Melanie McDonagh

Is it time for ‘nose-peg Toryism’?

Is it time for 'nose-peg Toryism'?
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Before the election in 2005, the magnificently grand Polly Toynbee made a generous offer to Guardian readers reluctant to vote for Tony Blair after Iraq. ‘There is much to be proud of in voting Labour — but I have a free offer for the reluctant. On my desk is a basket of wooden nose-pegs marked "Labour". Any reluctant voter can have one of these to wear to the polls; apply here now,’ she said irresistibly. I seem to recall there was a bit of a run on them.

I wonder whether the point has come for some obliging Tory journalist to make the same offer to disgruntled Conservatives. There is, of course, much for them to hold their noses about, notwithstanding progress on welfare reform. In no particular order there is:

1). The sacking of Michael Gove, one of the few radical reformists in government, a man who, correctly, saw education as a means to close the class divide and increase social mobility.

2). Gay marriage. Did anyone, reading the last Tory manifesto get from it that the PM would be reworking the most basic social institution of all? Plainly, not even his mother expected it.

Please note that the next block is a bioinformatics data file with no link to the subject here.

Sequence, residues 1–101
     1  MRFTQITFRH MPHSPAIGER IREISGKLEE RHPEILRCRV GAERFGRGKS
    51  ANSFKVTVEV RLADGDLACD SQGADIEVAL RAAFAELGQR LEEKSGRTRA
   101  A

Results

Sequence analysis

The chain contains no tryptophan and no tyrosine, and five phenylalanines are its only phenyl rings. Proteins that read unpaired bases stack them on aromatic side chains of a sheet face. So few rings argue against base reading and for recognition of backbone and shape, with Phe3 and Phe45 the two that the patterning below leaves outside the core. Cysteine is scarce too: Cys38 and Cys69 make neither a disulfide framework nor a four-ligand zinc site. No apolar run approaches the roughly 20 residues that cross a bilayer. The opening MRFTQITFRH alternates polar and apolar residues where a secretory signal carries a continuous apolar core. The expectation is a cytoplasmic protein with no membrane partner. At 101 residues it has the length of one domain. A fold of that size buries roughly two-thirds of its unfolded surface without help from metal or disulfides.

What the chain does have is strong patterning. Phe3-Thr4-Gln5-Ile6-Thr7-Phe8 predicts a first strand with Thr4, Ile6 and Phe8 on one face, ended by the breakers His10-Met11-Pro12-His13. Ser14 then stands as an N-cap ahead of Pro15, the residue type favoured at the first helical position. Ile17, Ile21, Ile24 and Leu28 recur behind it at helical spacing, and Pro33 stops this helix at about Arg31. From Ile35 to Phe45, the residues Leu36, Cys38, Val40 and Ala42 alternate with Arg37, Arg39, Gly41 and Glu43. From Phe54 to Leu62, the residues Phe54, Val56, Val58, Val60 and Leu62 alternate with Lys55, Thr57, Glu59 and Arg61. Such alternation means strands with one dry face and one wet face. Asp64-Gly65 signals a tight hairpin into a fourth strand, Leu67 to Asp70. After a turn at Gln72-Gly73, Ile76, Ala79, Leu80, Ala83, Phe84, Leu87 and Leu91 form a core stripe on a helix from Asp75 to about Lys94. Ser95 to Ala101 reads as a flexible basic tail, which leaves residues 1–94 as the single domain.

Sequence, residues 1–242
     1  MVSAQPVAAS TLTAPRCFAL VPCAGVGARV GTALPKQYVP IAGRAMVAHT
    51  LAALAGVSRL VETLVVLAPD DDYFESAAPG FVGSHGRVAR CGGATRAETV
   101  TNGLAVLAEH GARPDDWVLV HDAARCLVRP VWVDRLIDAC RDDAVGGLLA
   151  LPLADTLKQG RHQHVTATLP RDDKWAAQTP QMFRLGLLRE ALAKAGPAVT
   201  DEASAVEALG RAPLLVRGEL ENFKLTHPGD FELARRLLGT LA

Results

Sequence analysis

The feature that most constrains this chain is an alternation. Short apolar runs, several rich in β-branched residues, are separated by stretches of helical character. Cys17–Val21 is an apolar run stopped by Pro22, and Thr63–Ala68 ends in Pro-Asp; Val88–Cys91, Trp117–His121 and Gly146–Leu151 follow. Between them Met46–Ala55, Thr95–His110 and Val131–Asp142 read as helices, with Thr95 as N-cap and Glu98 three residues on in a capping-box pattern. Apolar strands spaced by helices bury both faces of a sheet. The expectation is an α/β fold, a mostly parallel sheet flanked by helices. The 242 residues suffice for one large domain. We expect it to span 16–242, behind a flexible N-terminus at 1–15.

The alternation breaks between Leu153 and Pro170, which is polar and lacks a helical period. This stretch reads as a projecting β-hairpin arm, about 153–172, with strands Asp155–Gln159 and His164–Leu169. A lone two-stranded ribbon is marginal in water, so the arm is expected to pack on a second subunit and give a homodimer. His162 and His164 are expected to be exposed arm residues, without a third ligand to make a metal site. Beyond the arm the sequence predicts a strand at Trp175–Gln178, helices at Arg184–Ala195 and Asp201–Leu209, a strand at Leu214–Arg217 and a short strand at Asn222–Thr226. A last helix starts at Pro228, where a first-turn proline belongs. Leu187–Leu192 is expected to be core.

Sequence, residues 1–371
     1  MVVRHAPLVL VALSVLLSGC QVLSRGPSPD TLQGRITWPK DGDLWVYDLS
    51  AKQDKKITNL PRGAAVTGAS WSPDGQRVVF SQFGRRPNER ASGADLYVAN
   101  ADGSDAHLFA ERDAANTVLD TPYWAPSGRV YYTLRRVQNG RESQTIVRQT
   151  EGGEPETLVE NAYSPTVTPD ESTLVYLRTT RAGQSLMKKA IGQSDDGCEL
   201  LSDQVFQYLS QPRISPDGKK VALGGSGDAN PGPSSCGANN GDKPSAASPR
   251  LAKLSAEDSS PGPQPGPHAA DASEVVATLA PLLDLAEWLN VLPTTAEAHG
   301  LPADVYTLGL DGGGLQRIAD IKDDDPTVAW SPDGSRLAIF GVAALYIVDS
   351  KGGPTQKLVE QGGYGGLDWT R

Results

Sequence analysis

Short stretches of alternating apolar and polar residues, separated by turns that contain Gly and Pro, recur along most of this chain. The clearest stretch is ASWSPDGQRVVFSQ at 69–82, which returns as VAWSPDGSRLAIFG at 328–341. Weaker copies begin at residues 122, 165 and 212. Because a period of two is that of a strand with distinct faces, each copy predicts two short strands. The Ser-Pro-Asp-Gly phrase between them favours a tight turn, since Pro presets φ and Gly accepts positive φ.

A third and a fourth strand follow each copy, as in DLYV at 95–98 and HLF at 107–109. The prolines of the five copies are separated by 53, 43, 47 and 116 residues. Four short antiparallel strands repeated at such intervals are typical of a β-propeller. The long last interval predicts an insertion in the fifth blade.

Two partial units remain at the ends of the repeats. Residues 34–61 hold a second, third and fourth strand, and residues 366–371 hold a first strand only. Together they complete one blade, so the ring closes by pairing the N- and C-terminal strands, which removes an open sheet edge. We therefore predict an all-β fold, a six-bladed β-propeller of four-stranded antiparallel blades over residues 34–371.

3). The Strategic Defence Review, 2010, the one that cut the regular army from 102,000 in 2010 to 82,000 in 2018, while reservists go up to 30,000. This was described by one retired general the other week at a meeting I attended as indication the government didn’t know what it was doing on defence. Passing the buck to the Territorial Army, which simply isn’t equipped for the job, suggests that Philip Hammond, now Foreign Secretary, didn’t really understand his brief.

These are just to be getting on with; Tory voters will have their own little list. But I think the nose-pegs would come in handy. Unlike would-be Labour voters in 2005, Conservatives with a bad smell do have somewhere to go — Ukip — though the party will no doubt be working its hardest on the ‘Vote Nigel, Get Ed’ message. As I say, there is work on the peg front to be done by some Tory pundit, though it may be hard to find someone quite as grand as Polly. Perhaps Charles Moore should volunteer to distribute what could be industrial quantities on request.